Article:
Tag Archives: Writers for hire

Writers for Hire Part 2 – Packagers

In the first installment of this article we discussed the circumstances in which authors voluntarily give up all rights to their copyrighted work. There are numerous situations in which work-for-hire may be considered reasonable and acceptable by normal ethical standards.

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Another application of the work-for-hire concept that most of us accept unquestioningly is ghostwriting. Authorities or celebrities who cannot write well or are too busy to write their own books engage writers to draft books for them. Although the principal author may agree to share some of the proceeds of the book with his ghost, the principal is the sole signatory of the contract with the publisher, thus making him the copyright owner. He then signs a separate agreement with the ghost, removing that person from claim to copyright and direct participation in revenue generated by publication of the book. Occasionally, what may have seemed a fair fee at the time it was negotiated with the ghostwriter may not seem so if the work demanded of him turns out to be excessive, or if the book becomes a runaway best-seller. Under ordinary circumstances, however, the ghostwriter accepts his lot as a worker-for-hire, and may at least secure more work for himself by telling publishers, “That book was actually written by me.”

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Writers for Hire – Part 1

If one were to compose a Bill of Rights for authors, ownership of copyright to their works would certainly be close to the top of the list. We hold self-evident the truth that if a person produces an original book-length work, he or she is entitled to proprietorship under the law, and to full benefit of its commercial exploitation.

Yet, it has not always been so. The piracy of literature by printers, publishers, and booksellers has been common practice throughout the world from the dawn of the printed word, and was prevalent in this country until well into the present century. Until the establishment of the first International Copyright Convention in 1891 and its refinement after World War II, respect for the sanctity of copyright was largely a matter of gentlemen’s agreements based strictly on self-interest—don’t steal from me and I won’t steal from you. There are still vast areas of our globe where publishers think nothing of stealing and distributing works of literature from authors and publishers of law-abiding countries, and the emergence of electronic and online media have made it a big business. Piracy of books, videotapes, music, and other intellectual property may be condoned if not sponsored and supported by some governments.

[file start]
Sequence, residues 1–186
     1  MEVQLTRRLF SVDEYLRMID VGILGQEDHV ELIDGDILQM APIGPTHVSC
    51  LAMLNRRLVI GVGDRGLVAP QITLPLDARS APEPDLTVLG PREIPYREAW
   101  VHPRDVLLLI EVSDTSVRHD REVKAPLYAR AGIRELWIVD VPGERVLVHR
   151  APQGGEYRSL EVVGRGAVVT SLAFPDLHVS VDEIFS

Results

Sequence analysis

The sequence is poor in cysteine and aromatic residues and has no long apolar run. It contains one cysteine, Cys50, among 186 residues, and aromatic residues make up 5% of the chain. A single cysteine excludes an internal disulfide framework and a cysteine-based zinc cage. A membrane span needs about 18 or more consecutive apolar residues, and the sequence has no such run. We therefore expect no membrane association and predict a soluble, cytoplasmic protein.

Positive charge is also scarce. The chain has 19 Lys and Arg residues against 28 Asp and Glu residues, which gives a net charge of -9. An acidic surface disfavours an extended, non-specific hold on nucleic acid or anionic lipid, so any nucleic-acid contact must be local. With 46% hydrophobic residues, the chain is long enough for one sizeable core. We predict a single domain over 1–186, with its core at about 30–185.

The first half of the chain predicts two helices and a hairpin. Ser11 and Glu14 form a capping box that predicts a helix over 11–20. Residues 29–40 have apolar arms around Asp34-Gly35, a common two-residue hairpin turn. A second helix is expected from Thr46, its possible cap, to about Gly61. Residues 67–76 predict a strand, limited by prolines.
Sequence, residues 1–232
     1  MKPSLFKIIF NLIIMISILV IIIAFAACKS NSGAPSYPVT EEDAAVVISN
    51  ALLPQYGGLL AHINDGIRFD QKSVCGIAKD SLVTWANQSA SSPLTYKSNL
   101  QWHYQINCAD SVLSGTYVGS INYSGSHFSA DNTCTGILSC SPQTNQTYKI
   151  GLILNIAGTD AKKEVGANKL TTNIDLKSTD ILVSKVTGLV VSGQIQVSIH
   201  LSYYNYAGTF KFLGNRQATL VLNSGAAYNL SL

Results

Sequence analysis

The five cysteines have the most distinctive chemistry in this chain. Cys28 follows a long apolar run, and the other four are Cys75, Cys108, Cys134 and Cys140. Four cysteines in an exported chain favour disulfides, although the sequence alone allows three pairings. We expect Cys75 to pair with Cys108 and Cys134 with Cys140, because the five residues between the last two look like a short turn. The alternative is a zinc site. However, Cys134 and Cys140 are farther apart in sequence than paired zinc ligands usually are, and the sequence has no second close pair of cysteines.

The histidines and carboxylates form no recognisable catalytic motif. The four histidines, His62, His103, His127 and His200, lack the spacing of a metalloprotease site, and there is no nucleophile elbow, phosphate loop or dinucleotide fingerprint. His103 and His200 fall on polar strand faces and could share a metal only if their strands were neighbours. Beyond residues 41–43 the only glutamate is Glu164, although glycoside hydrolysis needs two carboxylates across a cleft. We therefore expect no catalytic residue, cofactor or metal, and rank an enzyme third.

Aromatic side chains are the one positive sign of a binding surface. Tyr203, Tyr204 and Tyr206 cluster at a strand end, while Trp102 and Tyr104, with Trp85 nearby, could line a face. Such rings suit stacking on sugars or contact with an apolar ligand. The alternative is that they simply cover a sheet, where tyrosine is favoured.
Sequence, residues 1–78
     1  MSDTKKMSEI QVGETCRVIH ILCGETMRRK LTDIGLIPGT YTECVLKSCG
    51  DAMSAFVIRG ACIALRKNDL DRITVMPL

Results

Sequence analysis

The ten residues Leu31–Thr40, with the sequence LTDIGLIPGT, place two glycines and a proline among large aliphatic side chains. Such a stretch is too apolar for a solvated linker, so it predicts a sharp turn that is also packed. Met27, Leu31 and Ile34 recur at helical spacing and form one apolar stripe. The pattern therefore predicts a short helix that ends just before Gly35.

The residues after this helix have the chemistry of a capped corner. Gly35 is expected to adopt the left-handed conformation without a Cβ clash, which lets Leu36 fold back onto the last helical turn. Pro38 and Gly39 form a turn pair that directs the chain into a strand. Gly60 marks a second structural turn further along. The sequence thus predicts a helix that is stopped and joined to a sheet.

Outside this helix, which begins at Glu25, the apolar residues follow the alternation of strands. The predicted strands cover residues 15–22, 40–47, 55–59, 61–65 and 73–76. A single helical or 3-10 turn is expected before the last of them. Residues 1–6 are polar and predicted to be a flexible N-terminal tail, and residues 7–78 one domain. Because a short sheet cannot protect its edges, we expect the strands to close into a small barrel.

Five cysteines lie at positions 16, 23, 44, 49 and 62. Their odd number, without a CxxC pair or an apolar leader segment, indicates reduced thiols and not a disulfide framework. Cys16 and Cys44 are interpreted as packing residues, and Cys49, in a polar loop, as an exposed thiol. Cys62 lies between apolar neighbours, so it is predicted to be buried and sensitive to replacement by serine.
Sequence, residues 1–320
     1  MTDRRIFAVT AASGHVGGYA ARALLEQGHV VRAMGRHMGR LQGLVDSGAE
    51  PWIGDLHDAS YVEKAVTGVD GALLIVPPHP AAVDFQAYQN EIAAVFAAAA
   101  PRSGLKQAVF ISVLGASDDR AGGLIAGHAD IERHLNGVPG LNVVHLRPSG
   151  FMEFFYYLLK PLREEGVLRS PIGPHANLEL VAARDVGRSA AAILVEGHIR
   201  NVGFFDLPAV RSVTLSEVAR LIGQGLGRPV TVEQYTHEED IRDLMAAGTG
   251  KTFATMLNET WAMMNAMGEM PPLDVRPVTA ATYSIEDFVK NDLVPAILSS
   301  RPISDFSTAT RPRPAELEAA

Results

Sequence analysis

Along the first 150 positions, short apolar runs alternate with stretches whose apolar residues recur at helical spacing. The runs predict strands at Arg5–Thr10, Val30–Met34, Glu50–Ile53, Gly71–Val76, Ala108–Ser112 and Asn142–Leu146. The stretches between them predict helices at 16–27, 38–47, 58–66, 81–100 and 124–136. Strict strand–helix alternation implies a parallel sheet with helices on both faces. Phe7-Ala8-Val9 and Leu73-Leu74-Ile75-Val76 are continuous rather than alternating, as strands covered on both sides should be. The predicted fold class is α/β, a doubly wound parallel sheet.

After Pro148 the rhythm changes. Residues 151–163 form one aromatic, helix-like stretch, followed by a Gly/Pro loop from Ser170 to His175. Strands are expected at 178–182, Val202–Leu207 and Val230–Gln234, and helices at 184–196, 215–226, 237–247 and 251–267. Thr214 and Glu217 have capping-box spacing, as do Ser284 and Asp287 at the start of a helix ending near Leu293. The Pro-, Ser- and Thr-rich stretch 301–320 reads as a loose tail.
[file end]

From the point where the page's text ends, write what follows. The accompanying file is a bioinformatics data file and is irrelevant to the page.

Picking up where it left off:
Lest you become too smug that such barbarities cannot happen here, I am compelled to report my observation that the appropriation of authors’ copyrights by publishers and book packagers seems to be on the upswing. Nothing so gross as piracy, mind you. More, I would say, like extortion. But the effect is the same: the deprivation of authors’ rights to enjoy the fruits of their labors. The fruits of an author’s labors include such bounties as royalties on copies of books sold, participation in reprint income, and revenue deriving from the exploitation of serial, translation, dramatization, electronic, and other subsidiary rights. Not everyone shares the conviction that the enjoyment of these monies is a natural and God-given right, however. Indeed, not everybody behaves as if the enjoyment of these monies is protected by statutory law.

The engagement of writers for flat fees falls into a category of employment known as “work-for-hire.” Work-for-hire is a doctrine defining the relationship between a copyright owner and a writer. Note that the owner may or may not be an author; he, she, they, or it may be a corporation (like a movie studio or television production company), a syndicate of investors, or an individual who is not a writer. These entities hire writers to perform a service in pretty much the same way a homeowner hires a cabinetmaker, a painter, or a gardener, except that in this case the task is writing a text for the “boss”—the creator or owner of the idea. The owner is then free to exploit the text in any way he desires with no further obligation to the author.

Some provisions of the 1976 Copyright Act attempt to define the work-for-hire concept, but they do not do so very clearly and have left the door open to unfair exploitation of authors.

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